Early Activity 2015
This past weekend we saw some very warm temperatures (into the mid-60’s, ~18 celsius) and both hives were very active! Rob managed to capture some videos of some very interesting behavior at the hive entrance. If you look closely in both videos, you’ll notice a bee exiting one of the holes of the mouse guard (the white strip of metal), dragging a dead bee out. She’s on “undertaker” duty, performing the necessary task of removing the bodies of any bees that have died inside the hive during colder weather. You will see this more often during the winter months, because usually in the summer most bee’s likely die “on the wing” during foraging.
While the “winter cohort” of bees live slightly longer than their counterparts hatched during spring/summer, there will still be natural decline in population over the winter. It’s nothing to worry about; in fact, that they are removing the dead ones is a sign of a healthy hive this time of year.
According to our local beekeepers, believe it or not, January is typically when the Queen begins to start laying eggs again! Slowly at first, but picking up rapidly through Feb/March. Something we will have to be aware of is to ensure there’s a good balance between still having enough stored honey, but also having some emptied cells in the comb so the Queen has room to lay new eggs. If there is not enough room to lay, we run the risk that the hive will swarm–March being when “swarm season” typically begins. Furthermore, early brood rearing is important for boosting the dwindling population of old “winter bees”. The goal is to have a strong population of young bees by April-May to take advantage of the tulip poplar nectar flow here in central NC.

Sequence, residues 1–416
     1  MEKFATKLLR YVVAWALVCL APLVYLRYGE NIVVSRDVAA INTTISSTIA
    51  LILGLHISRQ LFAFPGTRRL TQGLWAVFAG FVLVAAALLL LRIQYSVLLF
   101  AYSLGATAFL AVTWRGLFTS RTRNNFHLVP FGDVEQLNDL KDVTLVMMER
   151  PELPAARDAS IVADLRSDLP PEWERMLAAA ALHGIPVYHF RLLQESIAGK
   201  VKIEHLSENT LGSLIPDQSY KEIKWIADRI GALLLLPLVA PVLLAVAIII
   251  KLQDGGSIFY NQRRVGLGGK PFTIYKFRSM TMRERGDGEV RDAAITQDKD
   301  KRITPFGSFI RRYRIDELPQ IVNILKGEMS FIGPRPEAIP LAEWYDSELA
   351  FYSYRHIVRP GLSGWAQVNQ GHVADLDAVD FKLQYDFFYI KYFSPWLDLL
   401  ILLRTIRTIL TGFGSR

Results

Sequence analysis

We’ll be monitoring activity closely, and perhaps the next stretch of warm days (above 60F) we may want to take a quick peek inside the hive to confirm our observations!
Until next time, bee good!